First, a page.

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Amended Amazon Pact Applauded, Panned

Retailers immediately criticized a deal the state has struck with Amazon, saying the government was “meddling in the free market.” The agreement announced Thursday by Gov. Bill Haslam calls for the company to hire 3,500 full-time workers in the state, and begin charging Tennesseans sales tax in 2014.

Tennessee Gov. Bill Haslam — with an Amazon executive and several state legislators standing with him — announced a new agreement between the state and the company Thursday calling for Amazon to collect sales taxes starting in 2014.

But the rumbling in what has been one of the state’s most controversial issues was not put to rest.

Other retailers, who have fought Amazon because of its advantage in not collecting sales taxes as an online business, immediately criticized the deal. They cited the time element, saying the deal still gives Amazon more than two years, including three holiday shopping seasons, of what brick-and-mortar retailers believe is special treatment.

“If Amazon can agree to start collecting the sales tax in one year in California, why should we have to wait one day longer in Tennessee?” asked Mike Cohen, spokesperson for the Alliance for Main Street Fairness in Tennessee, in a formal statement.

“How many Tennessee jobs are lost, how many Tennessee businesses will close because the state grants Amazon a huge price advantage by not having to charge sales taxes?”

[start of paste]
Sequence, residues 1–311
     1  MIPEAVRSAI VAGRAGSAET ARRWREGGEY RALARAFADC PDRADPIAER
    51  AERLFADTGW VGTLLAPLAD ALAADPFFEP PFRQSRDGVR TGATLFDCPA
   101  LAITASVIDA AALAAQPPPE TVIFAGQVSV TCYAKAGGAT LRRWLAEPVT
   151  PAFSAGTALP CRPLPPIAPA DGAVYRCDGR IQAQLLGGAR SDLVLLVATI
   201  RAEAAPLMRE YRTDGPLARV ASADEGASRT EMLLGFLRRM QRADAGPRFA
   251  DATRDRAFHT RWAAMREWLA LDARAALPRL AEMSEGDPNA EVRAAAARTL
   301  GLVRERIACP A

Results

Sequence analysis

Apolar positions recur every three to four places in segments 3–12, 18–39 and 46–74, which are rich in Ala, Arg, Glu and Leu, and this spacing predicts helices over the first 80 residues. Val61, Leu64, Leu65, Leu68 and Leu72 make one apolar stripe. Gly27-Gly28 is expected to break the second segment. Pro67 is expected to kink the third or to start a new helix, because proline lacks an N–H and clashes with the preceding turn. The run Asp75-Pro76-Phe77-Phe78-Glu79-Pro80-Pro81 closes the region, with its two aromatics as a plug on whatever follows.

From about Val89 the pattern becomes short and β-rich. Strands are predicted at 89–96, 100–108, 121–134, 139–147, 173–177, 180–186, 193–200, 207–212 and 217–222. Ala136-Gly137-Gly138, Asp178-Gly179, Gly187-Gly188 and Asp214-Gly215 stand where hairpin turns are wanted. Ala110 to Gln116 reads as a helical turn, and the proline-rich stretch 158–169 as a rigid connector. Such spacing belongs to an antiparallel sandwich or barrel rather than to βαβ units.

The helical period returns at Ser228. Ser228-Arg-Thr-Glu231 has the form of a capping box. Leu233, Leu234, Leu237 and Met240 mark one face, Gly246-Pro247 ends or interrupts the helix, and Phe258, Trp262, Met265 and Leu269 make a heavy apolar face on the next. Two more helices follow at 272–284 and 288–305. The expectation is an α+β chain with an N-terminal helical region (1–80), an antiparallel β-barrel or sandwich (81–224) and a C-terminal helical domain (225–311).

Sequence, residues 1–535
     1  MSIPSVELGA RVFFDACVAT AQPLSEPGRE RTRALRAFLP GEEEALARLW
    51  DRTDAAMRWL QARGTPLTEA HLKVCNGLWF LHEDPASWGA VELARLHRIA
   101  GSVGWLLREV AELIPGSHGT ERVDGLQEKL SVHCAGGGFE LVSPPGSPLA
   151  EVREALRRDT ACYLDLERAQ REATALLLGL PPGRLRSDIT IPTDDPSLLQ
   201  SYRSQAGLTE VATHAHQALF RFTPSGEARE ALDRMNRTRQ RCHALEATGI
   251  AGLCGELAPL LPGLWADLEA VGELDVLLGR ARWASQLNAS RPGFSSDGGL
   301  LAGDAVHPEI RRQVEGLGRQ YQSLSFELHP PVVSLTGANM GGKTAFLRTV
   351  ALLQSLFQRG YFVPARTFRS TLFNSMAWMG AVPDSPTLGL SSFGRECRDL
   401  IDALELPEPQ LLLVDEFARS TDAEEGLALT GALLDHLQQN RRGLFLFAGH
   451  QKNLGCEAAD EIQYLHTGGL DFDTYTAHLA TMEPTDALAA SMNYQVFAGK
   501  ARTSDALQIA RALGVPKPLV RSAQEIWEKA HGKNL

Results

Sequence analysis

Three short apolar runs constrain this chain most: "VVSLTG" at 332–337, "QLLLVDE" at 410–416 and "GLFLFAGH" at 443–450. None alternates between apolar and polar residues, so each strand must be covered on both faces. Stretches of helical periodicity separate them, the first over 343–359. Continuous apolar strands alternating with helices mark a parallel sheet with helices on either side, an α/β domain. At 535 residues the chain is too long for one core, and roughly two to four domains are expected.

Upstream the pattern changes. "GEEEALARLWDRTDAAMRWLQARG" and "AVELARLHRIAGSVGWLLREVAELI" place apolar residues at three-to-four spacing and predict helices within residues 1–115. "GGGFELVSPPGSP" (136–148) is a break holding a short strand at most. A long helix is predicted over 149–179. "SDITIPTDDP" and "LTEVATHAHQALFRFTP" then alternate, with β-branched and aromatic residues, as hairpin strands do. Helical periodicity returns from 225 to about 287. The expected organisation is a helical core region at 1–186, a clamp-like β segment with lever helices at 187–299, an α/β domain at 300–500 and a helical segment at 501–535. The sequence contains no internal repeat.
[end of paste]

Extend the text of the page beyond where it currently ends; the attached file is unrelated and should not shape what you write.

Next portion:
The Haslam announcement, made at the Capitol, also brings a commitment from Amazon to create a total of 3,500 full-time jobs and thousands of seasonal jobs in the state in a $350 million investment by the company, which ups the number of 1,500 jobs originally announced.

The Haslam administration said there are some standard incentive dollars for job training and basic infrastructure for new sites Amazon will be building in the state as part of the new deal. But “there are no other incentive dollars involved,” Haslam said.

Haslam said the agreement applies unless a national solution, which would bring all states under the same framework on state sales tax collections, comes first. Many people believe Congress should act to make application of sales tax law the same for online and traditional retailers.

The new agreement is a dramatic shift from the original deal struck by the state with Amazon, in which former Gov. Phil Bredesen and his team evidently agreed to allow Amazon to forego collecting sales taxes in exchange for creating hundreds of jobs with distribution centers in Hamilton and Bradley counties.

Haslam had agreed to honor that original deal, and state officials Thursday insisted the new agreement does not mean the state has gone back on its word.

Paul Misener, vice president for global public policy for Amazon, appeared with Haslam at the announcement, as did Rep. Charles Sargent, R-Franklin, chairman of the House finance committee, who had led a legislative effort to force Amazon to collect the taxes.

“We are proud that this world-wide brand has chosen to make such a significant investment in Tennessee and that they’re committed to expanding their presence here as well,” Haslam said.

“This agreement balances several needs, the needs of the company and the needs of the state by providing certainty to Amazon and to brick-and-mortar retailers about the collection of the sales tax. And it means more jobs for Tennesseans.”